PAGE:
Similar results were reported by another animal study, which found that in diabetic mice, the fruit of the maitake mushroom had potent anti-diabetic characteristics.

2. May Kill Cancer Cells

Several encouraging studies have looked into the potential link between the maitake mushroom and cancer in recent years. Maitake grifola may have potent anti-cancer capabilities, making the fungus a valuable supplement to any diet, even though research is still restricted to in vitro and animal models.

Using a mouse model, it was demonstrated in the International Journal of Cancer that giving mice an extract made from the Grifola frondosa successfully inhibited tumor growth.

Similar to this, an in vitro investigation conducted in 2013 revealed that maitake mushroom extract may be helpful in reducing the proliferation of breast cancer cells.

Maitake MushroomMaitake Mushroom

3. Lowers Cholesterol Levels

When it comes to preserving a healthy heart, controlling your cholesterol levels is vitally necessary. The arteries may thicken and narrow as a result of cholesterol buildup, obstructing blood flow and making your heart work harder to circulate blood throughout your body.Maitake mushrooms may assist in naturally lowering cholesterol levels to maintain the health of your heart, according to some studies, though additional research is necessary. For instance, a study in an animal model indicated that supplementing mice with maitake mushrooms effectively lowered their cholesterol levels (Journal of Oleo Science).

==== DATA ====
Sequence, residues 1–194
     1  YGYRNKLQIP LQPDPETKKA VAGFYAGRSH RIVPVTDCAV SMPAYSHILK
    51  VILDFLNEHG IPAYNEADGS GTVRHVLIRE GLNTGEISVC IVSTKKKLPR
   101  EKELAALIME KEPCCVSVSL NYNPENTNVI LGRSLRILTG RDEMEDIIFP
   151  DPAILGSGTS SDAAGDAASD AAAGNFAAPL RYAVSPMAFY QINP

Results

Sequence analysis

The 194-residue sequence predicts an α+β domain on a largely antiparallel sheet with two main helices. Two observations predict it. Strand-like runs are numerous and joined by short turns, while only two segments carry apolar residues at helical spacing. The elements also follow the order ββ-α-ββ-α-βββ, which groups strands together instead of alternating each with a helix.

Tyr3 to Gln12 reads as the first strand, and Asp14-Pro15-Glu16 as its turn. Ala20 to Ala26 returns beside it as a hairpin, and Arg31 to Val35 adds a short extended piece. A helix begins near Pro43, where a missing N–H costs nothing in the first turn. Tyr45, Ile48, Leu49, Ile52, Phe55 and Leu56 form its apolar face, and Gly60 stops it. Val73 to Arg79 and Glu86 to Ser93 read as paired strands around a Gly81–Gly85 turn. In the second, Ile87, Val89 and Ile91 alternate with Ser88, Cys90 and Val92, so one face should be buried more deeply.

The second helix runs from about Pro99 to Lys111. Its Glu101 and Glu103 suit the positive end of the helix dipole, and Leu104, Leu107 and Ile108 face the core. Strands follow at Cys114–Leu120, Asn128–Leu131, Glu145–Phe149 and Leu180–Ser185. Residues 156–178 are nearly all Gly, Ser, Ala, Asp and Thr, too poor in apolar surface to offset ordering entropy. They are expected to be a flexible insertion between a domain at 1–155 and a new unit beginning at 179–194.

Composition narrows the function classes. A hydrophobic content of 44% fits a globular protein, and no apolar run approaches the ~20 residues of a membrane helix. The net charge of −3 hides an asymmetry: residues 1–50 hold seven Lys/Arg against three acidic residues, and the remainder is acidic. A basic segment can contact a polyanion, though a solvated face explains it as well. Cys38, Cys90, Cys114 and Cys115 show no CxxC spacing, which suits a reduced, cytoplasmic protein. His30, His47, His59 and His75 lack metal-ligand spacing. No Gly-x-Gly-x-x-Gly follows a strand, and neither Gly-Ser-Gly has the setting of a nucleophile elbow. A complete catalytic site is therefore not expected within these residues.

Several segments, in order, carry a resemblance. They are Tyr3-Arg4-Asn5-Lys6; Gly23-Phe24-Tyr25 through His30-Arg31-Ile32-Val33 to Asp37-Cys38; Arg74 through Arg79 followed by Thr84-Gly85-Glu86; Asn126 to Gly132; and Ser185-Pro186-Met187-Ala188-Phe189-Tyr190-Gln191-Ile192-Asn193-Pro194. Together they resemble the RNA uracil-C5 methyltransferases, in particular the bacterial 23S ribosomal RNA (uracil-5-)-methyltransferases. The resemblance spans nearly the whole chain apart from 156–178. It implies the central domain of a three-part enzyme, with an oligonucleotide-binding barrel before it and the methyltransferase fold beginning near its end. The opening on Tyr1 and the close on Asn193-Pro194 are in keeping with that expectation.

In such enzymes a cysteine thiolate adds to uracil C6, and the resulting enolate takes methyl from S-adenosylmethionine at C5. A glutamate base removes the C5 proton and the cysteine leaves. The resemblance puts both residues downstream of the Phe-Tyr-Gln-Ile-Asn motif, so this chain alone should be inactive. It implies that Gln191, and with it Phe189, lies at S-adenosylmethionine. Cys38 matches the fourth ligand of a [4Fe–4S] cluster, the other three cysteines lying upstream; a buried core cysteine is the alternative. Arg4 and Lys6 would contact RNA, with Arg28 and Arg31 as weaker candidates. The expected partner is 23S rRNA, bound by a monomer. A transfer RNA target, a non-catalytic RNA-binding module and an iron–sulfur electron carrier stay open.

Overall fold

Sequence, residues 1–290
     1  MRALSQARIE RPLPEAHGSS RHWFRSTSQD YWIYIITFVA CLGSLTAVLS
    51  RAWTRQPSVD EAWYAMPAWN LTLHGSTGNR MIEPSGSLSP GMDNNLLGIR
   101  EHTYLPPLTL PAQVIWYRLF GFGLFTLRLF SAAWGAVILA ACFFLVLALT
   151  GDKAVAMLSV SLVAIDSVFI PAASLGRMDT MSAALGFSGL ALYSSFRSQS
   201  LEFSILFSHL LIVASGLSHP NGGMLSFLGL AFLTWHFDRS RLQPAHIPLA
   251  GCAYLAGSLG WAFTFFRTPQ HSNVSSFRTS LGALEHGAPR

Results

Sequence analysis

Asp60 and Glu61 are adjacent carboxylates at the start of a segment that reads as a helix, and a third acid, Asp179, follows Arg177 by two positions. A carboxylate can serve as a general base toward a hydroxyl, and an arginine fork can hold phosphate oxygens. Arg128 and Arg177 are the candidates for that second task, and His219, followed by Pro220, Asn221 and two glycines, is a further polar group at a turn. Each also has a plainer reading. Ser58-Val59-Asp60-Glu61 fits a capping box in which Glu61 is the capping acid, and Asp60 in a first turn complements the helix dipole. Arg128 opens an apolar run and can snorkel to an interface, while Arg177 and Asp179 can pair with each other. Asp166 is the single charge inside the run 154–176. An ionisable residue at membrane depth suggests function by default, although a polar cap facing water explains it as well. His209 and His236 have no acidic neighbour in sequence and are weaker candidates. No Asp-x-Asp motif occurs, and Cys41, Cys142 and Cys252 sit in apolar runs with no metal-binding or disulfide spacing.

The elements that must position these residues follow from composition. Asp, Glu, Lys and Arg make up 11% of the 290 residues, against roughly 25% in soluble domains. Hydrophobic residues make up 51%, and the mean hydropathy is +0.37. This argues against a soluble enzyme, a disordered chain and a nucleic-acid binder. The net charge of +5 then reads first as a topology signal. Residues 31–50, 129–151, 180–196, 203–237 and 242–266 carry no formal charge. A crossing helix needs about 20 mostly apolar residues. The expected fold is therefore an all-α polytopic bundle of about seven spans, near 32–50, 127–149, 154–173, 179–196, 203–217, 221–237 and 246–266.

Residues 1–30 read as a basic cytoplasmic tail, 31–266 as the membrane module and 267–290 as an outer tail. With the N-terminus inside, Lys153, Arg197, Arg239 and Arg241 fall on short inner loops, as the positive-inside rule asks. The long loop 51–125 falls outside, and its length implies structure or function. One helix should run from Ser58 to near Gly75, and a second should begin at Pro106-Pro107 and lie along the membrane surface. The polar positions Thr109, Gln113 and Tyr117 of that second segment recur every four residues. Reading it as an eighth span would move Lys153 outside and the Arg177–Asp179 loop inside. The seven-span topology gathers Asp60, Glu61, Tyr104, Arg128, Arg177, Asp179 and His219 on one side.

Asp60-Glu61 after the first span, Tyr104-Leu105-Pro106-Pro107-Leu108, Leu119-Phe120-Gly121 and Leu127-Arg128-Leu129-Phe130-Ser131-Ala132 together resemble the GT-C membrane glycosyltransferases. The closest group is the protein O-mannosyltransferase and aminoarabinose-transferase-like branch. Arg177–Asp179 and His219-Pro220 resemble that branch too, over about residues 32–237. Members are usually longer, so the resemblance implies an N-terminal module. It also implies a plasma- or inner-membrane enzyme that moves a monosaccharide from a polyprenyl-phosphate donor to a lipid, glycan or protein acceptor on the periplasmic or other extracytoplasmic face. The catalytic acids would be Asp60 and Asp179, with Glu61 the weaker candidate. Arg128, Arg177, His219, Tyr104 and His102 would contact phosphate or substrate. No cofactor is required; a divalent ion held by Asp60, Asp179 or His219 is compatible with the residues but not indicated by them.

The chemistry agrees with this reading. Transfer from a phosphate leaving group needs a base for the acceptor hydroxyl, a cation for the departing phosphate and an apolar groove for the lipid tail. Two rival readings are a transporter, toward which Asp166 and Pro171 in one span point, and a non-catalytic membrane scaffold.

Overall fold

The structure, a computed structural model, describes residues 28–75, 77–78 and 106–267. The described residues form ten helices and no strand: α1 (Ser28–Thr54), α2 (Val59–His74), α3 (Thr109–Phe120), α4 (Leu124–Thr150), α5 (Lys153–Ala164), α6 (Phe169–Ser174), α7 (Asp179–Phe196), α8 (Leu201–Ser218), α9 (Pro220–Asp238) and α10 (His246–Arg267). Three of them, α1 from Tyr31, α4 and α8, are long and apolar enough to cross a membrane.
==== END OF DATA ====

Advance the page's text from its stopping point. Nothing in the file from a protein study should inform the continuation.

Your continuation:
4. Boosts Immune Function

Your immune system's health is essential to general wellbeing. It serves as your body's natural defensive mechanism and aids in fending off invaders to shield it from harm and infection.In addition to numerous health advantages, beta glucan, a polymer found in fungi, is present in maitake.A serving or two of Grifola frondosa per day could help strengthen your immune system and prevent illness. According to an in vitro study that was published in the Annals of Translational Medicine, shiitake and maitake mushrooms together were even more effective at triggering an immune response.A short-term oral application of naturally occurring immunomodulating glucans from Maitake and Shiitake mushrooms actually greatly boosted both the cellular and humoral branch of immunological reactions, according to the study's authors from the University of Louisville's Department of Pathology.